When you first reach a new stage like cohabitation or marriage, you and your SO are both getting used to new expectations and ideals, says lead study author Geoffrey Leggat, research officer at La Trobe University's Centre for Alcohol Policy Research in Melbourne, Australia. In turn, you’ll have equal influence on each other’s habits in all areas.
While not always the case, women often take on the roles of caregiver and social coordinator over time, according to research and experts. (In same-sex couples, drinking habits will be more influenced by the person who is more involved in these elements of daily life.)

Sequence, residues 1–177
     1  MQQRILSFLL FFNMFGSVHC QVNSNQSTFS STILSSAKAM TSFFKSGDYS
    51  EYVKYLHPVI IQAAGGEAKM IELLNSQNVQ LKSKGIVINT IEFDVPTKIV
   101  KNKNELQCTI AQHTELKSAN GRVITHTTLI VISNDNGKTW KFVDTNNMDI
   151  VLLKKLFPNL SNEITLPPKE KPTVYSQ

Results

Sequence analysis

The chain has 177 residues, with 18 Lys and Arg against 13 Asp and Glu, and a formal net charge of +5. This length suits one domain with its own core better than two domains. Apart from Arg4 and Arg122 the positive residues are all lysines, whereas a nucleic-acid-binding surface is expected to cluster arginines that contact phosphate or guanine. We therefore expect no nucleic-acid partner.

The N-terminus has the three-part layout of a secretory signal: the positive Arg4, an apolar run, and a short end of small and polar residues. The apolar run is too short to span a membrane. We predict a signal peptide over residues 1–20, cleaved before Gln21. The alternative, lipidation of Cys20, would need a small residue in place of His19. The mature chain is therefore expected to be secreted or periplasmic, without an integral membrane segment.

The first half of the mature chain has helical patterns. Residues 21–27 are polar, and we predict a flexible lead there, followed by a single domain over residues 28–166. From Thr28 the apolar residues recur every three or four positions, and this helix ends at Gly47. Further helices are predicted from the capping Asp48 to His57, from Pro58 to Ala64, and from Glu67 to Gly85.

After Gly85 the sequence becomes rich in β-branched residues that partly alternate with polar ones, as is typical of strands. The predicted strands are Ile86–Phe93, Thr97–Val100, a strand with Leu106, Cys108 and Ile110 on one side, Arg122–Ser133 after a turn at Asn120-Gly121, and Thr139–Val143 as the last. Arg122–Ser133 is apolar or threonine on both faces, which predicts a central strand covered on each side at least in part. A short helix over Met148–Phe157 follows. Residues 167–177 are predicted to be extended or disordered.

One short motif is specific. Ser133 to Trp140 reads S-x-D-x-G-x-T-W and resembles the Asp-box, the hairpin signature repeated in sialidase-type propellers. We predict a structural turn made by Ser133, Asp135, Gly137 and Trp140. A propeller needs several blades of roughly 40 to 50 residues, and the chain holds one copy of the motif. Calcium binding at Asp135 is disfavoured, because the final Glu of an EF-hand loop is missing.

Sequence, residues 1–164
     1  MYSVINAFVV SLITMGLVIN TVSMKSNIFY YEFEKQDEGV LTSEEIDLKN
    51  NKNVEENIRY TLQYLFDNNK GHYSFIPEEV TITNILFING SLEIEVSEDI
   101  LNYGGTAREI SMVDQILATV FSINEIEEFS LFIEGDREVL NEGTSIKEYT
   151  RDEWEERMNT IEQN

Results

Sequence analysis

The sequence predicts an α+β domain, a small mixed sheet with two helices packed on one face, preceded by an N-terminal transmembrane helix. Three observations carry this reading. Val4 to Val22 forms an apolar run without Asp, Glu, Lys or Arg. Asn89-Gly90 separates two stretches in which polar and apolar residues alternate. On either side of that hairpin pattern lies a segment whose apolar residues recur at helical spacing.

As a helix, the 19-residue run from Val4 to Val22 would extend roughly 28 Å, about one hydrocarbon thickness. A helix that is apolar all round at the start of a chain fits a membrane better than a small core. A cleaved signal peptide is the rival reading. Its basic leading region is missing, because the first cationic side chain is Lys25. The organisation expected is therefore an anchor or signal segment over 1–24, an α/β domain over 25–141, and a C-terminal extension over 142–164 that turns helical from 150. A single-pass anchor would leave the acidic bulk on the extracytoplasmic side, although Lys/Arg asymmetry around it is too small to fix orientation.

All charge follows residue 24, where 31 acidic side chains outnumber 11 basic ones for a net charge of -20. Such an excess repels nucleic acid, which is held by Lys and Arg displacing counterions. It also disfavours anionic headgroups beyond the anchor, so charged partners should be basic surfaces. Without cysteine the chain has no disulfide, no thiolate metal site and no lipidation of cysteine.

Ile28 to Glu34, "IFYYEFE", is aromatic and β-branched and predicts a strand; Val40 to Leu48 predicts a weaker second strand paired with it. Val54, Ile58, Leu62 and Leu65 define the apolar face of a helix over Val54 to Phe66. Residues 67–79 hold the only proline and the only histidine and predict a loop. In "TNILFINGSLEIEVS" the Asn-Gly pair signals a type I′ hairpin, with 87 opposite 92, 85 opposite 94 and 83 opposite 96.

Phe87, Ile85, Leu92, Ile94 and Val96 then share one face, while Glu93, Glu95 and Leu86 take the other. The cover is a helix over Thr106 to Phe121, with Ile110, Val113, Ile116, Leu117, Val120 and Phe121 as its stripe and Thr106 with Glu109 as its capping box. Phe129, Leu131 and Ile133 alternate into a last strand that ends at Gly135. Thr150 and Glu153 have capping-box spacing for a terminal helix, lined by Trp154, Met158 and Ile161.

If that person is often—or rarely—scheduling nights out, chances are you’re drinking more—or less. Meanwhile, cutting back on booze is usually the result of caring behaviors like being concerned about one’s health.
The bottom line:
Separate research shows couples are less happy when one person regularly drinks more than the other. In an ideal world, if your SO cuts back, you would, too.